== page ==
The United States and Mexico agreed to work on supply chains for semiconductors on Thursday. After high-level economic talks in Washington, top Mexican officials said the two also agreed to invest in social programs to tackle migration.
At the so-called High-Level Economic Dialogue (HLED), which was held for the first time in several years, the two countries signaled they need greater cooperation. That is, in terms of combating challenges of climate change and workers’ rights.
In a statement, the Mexican government said that they will both create a bilateral working group on supply chains.
Aside from aiming to improve the resilience of cross border trade and manufacturing, the working group will also seek to attract production lines from other parts of the world.
At a news conference in Washington, Mexican Economy Minister Tatiana Clouthier said Mexico discussed the need to sit down with industries or companies. That is to be able to detail the components of semiconductors to tell what parts would be manufactured in Mexico or the United States, she said.
In Mexico’s statement, it said that the U.S. agreed to provide technical support including collaborations with Mexico. That will be on Sembrando Vida, its forestation program to provide work and support agriculture. Moreover, that will also be on Jovenes Construyendo el Futuro, a job scheme for 18-to-29-year-olds in Central America and southern Mexico aimed at offering alternatives to migration.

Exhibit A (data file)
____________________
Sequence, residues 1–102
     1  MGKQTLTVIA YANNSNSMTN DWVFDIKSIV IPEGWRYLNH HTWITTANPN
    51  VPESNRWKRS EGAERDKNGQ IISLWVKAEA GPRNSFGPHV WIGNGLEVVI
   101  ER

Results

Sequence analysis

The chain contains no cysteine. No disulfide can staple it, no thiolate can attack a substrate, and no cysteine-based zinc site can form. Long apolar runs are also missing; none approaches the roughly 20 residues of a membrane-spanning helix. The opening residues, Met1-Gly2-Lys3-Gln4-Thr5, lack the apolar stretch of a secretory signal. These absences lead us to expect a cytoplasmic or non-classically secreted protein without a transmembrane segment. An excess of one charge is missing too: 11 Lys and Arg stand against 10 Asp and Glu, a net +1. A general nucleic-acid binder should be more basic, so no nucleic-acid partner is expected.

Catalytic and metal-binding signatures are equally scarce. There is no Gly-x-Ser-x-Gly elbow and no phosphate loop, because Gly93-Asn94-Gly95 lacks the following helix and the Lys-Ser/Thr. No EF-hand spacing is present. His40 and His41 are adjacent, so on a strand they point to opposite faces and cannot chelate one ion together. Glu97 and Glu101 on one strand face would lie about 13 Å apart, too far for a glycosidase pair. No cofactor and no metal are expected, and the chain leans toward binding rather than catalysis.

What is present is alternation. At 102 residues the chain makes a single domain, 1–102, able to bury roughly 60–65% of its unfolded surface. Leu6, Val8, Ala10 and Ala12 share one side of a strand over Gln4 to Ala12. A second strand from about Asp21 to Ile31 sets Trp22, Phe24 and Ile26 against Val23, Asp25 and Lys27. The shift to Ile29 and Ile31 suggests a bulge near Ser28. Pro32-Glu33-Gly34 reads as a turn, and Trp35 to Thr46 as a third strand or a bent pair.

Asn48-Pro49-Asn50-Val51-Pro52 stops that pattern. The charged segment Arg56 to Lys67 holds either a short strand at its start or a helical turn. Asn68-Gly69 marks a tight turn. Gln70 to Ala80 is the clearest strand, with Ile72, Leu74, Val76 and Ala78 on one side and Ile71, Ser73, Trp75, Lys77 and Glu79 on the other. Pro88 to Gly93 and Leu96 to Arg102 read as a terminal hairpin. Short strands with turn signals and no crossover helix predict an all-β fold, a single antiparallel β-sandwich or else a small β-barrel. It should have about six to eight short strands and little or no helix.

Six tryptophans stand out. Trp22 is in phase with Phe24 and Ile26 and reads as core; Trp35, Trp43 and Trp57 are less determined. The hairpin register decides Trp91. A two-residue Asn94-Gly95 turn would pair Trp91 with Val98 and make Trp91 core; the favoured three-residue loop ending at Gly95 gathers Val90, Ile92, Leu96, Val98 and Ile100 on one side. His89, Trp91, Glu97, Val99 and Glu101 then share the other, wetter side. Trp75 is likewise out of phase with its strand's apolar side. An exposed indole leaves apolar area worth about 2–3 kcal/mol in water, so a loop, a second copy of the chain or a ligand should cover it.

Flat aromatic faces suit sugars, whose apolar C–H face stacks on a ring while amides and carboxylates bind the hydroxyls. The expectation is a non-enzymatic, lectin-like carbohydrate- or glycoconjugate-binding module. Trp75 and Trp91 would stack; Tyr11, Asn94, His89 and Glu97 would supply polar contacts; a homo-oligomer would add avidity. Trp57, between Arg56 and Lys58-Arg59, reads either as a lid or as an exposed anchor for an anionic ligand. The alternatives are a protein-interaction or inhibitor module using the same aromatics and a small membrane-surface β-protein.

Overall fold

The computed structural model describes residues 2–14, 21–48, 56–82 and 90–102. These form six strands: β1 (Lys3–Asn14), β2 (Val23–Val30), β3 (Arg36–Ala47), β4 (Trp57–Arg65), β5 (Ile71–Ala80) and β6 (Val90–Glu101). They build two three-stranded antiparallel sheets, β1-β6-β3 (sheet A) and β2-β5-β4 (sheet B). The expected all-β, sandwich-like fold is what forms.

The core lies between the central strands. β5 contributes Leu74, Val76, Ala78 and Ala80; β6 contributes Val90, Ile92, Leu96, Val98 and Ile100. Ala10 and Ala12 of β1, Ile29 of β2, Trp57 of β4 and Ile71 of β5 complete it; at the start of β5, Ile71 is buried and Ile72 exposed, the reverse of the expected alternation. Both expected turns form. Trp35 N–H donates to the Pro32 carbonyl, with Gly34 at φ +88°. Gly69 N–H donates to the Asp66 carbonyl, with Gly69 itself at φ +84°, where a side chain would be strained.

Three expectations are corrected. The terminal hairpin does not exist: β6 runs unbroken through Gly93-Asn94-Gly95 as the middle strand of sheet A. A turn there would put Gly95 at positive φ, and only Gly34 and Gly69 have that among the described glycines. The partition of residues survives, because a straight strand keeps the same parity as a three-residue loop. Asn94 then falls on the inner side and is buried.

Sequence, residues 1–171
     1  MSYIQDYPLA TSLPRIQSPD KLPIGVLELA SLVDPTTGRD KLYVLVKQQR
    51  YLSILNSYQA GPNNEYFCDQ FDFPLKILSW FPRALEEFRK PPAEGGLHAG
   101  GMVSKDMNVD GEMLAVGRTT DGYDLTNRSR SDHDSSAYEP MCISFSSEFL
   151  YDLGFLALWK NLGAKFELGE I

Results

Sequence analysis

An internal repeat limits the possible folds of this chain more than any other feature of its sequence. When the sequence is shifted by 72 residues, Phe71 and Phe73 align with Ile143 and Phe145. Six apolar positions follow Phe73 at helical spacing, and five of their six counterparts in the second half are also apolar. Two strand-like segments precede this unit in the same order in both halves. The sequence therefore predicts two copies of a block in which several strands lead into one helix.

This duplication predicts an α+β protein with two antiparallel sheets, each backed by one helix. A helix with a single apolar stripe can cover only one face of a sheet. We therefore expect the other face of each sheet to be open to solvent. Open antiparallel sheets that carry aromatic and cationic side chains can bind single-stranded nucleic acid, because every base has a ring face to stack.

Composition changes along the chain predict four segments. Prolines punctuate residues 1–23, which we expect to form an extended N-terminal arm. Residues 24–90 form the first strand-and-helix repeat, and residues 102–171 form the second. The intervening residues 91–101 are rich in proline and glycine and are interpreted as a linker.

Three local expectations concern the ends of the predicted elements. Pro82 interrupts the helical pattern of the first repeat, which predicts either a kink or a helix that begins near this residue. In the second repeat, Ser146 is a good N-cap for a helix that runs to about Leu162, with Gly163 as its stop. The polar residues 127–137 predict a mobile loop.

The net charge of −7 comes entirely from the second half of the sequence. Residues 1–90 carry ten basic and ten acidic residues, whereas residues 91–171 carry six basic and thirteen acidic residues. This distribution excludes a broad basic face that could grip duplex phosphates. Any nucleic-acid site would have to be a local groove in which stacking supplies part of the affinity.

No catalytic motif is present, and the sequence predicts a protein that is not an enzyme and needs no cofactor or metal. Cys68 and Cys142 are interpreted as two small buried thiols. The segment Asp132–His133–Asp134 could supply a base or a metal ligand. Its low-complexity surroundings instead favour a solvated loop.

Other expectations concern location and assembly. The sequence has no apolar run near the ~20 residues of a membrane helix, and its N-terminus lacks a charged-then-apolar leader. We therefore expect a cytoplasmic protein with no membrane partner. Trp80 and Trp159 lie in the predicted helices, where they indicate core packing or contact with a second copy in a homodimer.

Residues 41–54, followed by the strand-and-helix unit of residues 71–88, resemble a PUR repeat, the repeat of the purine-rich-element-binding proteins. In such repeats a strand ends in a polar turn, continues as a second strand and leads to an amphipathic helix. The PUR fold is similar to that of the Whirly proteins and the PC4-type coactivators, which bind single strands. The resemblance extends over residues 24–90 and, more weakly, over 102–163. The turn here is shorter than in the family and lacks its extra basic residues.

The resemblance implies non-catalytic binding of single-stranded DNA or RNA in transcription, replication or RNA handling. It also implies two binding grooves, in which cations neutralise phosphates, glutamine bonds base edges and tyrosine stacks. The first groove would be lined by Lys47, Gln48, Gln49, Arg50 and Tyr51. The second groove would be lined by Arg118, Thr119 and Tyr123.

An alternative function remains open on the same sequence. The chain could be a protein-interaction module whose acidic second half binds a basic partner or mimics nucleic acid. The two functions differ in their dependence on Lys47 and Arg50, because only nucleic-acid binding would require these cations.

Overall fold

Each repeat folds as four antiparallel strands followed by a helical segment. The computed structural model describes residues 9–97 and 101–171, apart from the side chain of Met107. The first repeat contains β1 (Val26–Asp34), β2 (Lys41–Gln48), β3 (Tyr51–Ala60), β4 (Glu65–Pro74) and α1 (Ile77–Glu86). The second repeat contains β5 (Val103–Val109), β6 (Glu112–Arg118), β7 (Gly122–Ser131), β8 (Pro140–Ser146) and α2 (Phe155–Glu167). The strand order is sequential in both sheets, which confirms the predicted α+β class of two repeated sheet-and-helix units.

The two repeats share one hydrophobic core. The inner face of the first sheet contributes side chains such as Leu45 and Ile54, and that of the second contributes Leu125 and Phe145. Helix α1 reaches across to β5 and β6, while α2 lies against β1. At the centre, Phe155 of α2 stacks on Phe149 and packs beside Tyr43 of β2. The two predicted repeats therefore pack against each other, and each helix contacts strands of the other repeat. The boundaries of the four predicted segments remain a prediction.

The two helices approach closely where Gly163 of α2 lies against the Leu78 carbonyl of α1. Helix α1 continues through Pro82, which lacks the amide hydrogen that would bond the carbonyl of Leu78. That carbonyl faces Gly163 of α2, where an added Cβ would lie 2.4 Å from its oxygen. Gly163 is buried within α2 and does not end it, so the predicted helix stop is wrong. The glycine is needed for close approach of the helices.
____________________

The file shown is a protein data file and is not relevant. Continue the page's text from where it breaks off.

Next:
Remain in Mexico Policy
According to Mexico Foreign Minister Marcelo Ebrard, the two governments did not discuss the reactivation of the U.S. “remain in Mexico” policy. The policy is formally called the Migrant Protection Protocols (MPP) program. Ebrard spoke at the press conference in Washington alongside Clouthier.
Last month, the U.S. Supreme Court disapproved President Joe Biden’s bid to rescind the policy.
Ebrard said that the issue of MPP was not discussed in the dialogue. One of the pillars of the talks includes the border, he said. And on that, several infrastructure projects on the border were raised, he added.
The minister also said there will be a meeting between the U.S. President Joe Biden and Mexican President Andres Manuel Lopez Obrador. No date however, has been defined.
Ebrard and Clouthier led Mexico’s delegation, while U.S. Vice President Kamala Harris led U.S. talks. Also in attendance among others was U.S. Secretary of State Antony Blinken.